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Alternative Landscapes
By Kathleen Ostrander

Interesting alternatives to that large green expanse of lawn are limited only by the supplies at area greenhouses. From grasses to containers, landscaping adds color, texture and interest even in the dreary winter months.

While sustainable landscape or landscaping that is eco-friendly and requires little maintenance has been the craze, we are now on our next generation of vegetation. Mike McWilliams of CopperTree, 3111 Cockrell Lane, says when putting in landscaping people are considering color and how things look year-round.

"People are discovering a large expanse of 'prairie' landscaping is, well, boring. So we have hybrids now. You are still using something from the prairie, but it has more interest," McWilliams said.

For example, Little Bluestem is a prairie plant that blooms late and although it's pretty, it's not spectacular. Carousel Bluestem is a deeper blue and a little shorter so it gives a mass of color, he explained.

"You are going to have to remember if you are trying to mimic the prairie, instead of using three or four plants, you are going to have to use 20 or 30. So you need a large area, and you have to sweep into the next texture," McWilliams said.

Both he and Denise Buscher of Pleasant Nursery, 4234 W. Wabash Ave., said homeowners and business owners are picking plants with an eye toward something that blooms for an entire summer, like black-eyed Susans.

The different types of ornamental grasses are getting more use, McWilliams said. "The charm of them is you take them all down in the spring so there's a big clean-up, but that's all you have to do."

"Grasses give high interest in the winter," Buscher said. "They hold the snow and they hold their color and they are low maintenance."  She said you can "spice up" a landscaped area that has grasses by adding shorter color plants in the front or plants in urns for different types and textures.

Variations of purple fountain grass, called Prince or Princess, are popular, she said. Some of the variations are either taller than regular fountain grass or have a broader leaf.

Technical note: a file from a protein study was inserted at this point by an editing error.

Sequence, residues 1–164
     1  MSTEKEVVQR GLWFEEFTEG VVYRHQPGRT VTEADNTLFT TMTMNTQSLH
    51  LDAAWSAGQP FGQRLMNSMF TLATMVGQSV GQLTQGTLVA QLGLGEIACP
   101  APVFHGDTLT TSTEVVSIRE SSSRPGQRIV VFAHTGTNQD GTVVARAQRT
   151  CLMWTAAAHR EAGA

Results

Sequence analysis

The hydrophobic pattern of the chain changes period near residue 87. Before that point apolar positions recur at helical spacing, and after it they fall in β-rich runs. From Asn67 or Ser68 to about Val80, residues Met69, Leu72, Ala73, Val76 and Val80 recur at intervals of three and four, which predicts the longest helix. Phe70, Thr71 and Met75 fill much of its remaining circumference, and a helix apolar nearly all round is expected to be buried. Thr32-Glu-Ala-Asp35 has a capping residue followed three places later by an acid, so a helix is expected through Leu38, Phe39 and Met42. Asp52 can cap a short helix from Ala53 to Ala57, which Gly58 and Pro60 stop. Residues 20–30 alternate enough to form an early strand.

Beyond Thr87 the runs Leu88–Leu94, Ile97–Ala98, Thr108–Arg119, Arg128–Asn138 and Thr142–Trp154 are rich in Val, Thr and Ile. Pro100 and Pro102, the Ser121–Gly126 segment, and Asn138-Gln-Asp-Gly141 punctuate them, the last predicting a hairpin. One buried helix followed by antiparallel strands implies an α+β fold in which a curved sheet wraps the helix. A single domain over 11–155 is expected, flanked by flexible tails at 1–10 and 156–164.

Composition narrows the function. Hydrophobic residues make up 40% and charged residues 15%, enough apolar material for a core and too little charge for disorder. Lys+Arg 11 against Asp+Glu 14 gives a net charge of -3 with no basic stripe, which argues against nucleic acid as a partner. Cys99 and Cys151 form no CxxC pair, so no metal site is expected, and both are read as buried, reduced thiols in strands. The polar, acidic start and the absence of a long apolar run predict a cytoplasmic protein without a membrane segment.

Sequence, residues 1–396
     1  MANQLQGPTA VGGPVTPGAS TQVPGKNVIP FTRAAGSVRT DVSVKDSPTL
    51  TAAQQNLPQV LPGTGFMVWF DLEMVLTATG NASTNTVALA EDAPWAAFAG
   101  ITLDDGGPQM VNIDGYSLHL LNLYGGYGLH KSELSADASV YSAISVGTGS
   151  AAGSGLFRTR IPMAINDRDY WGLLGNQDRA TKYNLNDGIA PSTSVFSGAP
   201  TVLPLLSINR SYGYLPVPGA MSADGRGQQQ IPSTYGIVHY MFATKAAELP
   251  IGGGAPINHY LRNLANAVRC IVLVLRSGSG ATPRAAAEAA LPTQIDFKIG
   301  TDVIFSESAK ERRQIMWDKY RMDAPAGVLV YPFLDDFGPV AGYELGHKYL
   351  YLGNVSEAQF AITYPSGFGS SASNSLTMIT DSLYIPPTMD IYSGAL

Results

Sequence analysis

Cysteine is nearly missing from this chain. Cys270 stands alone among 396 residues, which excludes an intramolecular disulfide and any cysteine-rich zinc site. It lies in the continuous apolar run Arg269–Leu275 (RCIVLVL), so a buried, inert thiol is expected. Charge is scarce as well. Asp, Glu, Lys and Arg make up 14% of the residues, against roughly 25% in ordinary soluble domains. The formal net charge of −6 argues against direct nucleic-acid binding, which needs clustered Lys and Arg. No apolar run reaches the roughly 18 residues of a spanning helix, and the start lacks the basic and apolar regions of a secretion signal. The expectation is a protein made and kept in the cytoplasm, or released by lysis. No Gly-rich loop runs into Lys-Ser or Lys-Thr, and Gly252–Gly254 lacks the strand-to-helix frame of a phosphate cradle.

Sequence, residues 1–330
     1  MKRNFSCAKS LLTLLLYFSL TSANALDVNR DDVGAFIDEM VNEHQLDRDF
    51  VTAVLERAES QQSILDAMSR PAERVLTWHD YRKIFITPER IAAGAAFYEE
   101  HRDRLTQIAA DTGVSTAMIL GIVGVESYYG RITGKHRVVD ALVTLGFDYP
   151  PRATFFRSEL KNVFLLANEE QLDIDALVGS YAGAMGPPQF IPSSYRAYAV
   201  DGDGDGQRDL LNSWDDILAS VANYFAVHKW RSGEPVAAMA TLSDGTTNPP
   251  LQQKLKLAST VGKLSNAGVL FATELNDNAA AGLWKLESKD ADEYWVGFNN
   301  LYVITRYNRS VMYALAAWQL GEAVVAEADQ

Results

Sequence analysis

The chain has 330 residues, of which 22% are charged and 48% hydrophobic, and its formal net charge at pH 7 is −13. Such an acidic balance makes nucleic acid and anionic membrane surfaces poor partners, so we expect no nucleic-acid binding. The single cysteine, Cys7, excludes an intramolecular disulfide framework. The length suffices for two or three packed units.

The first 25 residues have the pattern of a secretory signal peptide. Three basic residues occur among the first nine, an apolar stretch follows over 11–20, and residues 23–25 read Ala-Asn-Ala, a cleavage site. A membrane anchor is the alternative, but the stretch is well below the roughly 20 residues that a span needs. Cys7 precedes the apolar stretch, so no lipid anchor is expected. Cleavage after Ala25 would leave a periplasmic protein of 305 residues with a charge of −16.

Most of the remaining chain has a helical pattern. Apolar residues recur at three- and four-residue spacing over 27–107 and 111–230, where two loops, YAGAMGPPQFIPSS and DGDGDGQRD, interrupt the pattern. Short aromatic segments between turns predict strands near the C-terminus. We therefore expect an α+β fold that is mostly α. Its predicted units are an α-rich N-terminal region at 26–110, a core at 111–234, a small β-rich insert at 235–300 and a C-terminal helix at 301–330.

Javita Martin, a plant specialist at Pleasant Nursery, said Cannas - large tropical plants with broad leaves and bright flowers, as well as Mandevilla are popular. Mandevilla is a tropical plant with showy blooms that is well suited to trellis planting.

A different style of container landscaping is growing in popularity, according to Wade Velten of Buckley's Prairie Landscaping Garden Center, 3735 Chatham Road.

"We are getting away from one container on each side of something. We are seeing groups of three, larger and smaller and groupings that are more artful," he said.

There is also a growing trend away from earth tones and more gravitation toward blues and burgundy.

"People aren't going to be replacing grass with landscape or containers," Velten said. "They are using those things to supplement areas that might be too shady to grow nice turf."

"With a movement to outdoor living spaces people are using container groupings to create a little oasis outside. Tiny areas of green grass don't have much atmosphere, and you can get atmosphere with container groupings."

Velten said people are looking at landscaping as an extension of their homes.

"People aren't traveling as much and they want something to enjoy," he said. "Containers outside can have blooms and some interesting greens, and then in the winter you can use evergreens and other decorative items to keep the interest outside."

Story published Friday, September 5, 2008 ( Volume 3, Number 5 )

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